Aside from the title, the majority of Andreas Prochaska’s The Dark Valley is refreshingly original in the way it tackles a familiar story. Perhaps Das finstere Tal, the Austrian title, makes more sense in native tongue and context – but if you don’t care to brush up on your Austrian beforehand The Dark Valley is still to be enjoyed. Prochaska’s resume shows he’s been fairly prolific over the past few years, but most of his projects are horror flicks or TV shows. The Dark Valley looks to be his most mature feature effort thus far.
Sam Riley stars as the lone drifter Greider, largely the strong and silent type, recently arrived at a remote snowbound village high in the Alps. The aforementioned “familiar story” is really just that: mysterious stranger arrives in otherwise comfortable close-knit town, people become uncomfortable; secrets exist for the townsfolk and for the drifter, said secrets are exposed; drifter and young woman flirt with obligatory fling; things seem okay for a while until suddenly, one day, shit hits the fan. These by-the-numbers plot points are most at home in a Western, which is a genre that The Dark Valley is now a part of in spite of the snowy mountain setting (though, agreed, not technically a Western in the American sense – so, an Eastern?), but that familiarity is never crippling. As much as The Dark Valley resembles Once Upon a Time in the West on paper, it’s a starkly different kind of movie.
That’s mainly because Prochaska isn’t trying to be Sergio Leone (nor should he [nor should anyone]) and because The Dark Valley realizes its weaknesses and favors the strong foot. The mountain setting is absolutely fantastic, so much so that the importance of everything else kind of falls away. The set-up’s a bit overdone and the characters are a bit underdone, but when Greider’s stranger alights on a low ledge overlooking an expansive valley streaked by tresses of blue snow, the dim village rosy like alpenglow in the thick forest below, when he descends from the peak to cross the path of two men on horseback who watch him as if tasked with the eternal guard of their halcyon refuge, when the trek leads at last to the Deadwood-esque one-road town built on stone and cold timber and on the people who’ve lived there for generations – with imagery like that, we can forgive a slightly tired diegesis.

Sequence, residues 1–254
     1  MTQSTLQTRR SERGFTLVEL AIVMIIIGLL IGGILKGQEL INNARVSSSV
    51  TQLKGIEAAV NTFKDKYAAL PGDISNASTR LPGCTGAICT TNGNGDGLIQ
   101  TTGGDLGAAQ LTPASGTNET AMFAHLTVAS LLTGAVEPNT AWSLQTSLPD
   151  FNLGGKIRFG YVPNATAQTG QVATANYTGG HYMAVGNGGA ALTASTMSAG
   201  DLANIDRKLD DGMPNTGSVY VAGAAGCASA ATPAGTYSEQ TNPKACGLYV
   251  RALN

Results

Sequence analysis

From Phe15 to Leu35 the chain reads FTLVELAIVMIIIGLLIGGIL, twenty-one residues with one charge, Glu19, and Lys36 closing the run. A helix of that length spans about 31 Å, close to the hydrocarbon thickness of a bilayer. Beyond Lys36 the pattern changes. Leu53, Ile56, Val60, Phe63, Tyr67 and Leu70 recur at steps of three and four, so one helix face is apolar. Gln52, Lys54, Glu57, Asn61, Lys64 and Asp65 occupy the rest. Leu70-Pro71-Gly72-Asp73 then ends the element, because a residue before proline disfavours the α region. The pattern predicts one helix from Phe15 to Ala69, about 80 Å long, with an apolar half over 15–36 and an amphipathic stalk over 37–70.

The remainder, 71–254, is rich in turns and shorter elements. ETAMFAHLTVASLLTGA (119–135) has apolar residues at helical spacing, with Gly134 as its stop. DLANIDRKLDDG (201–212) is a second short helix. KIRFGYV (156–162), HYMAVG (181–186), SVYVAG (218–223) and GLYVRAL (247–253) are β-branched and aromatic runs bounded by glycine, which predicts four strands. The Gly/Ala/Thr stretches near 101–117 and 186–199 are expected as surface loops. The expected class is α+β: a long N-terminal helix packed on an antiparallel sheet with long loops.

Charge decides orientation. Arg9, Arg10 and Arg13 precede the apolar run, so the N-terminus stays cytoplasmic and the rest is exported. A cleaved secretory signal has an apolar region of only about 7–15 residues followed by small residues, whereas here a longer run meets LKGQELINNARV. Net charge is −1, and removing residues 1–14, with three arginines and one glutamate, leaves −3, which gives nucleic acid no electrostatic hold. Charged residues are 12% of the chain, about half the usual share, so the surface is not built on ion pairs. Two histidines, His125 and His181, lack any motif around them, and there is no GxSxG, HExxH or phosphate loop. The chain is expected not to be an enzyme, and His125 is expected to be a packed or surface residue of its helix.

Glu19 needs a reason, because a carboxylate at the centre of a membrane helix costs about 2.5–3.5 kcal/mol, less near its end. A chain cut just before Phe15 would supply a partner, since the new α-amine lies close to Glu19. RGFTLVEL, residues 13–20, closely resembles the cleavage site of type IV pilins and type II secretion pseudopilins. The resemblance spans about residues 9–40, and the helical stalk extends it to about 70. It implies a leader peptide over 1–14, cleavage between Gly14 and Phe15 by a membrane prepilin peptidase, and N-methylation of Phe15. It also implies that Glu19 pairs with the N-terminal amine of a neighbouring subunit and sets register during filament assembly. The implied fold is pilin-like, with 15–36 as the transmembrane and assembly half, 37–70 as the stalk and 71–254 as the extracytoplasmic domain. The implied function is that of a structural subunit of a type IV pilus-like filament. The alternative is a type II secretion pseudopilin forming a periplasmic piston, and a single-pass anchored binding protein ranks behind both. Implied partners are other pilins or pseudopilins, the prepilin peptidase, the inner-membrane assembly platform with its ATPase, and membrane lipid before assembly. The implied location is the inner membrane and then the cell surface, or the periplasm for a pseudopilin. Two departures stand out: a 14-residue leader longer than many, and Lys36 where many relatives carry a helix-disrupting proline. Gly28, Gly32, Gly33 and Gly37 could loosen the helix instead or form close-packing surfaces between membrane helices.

Which isn’t to say that the plot is all bad. Past the set-up, things actually begin to get really interesting for the middle act of the film. A treecutting sequence leads to a man being killed in a horrific fashion, bringing out the townsfolk to mourn for the loss in the terrible accident. But then another man is killed while out hunting, and it becomes clear that the death of the first man was no accident. The Dark Valley approaches a bleak rhythm in this middle act, one of violent thunderous death followed by quiet mourning, over and over. The mood of dread grows exponentially. Again, the setting still has a lot to do with this; Prochaska’s experience with horror film may have taught him the importance setting can have on the mood, as he uses every swath of mud and slice of gray sky to his advantage.
One qualm besides the plot is the inclusion of Sam Riley in the central role of Greider. Riley is an actor that I like quite a bit, and he was practically perfect as Ian Curtis in Control – here, though, the boots just won’t seem to fit. His drifter is meant to be a possible menace to the well-meaning townsfolk, to such a degree that they emerge from their houses with loaded arms in order to command he leave at once. Riley isn’t all that menacing, though, and he isn’t childlike enough to flip the tough-stranger thing upside down, either. He seems stuck in the middle, seems like he’s trying to exude such an attitude that he might slide up into the “menacing” category. It’s not too distracting in the context of it all, but a more effective casting might have made the film more convincing.
The Dark Valley was recently announced as Austria’s contender for a nomination for Best Foreign Film at the upcoming 87th Academy Awards. There are a lot of contenders, and the rehashed plot and admittedly predictable conclusion will likely mean the shortlist won’t include The Dark Valley. Still, it’s worth a watch for the stunning visual staging alone, if not for the plot or the acting. The Dark Valley, then, is best summed up simply as an atmospheric and grim trip to the Alps. They’re beautiful this time of year.
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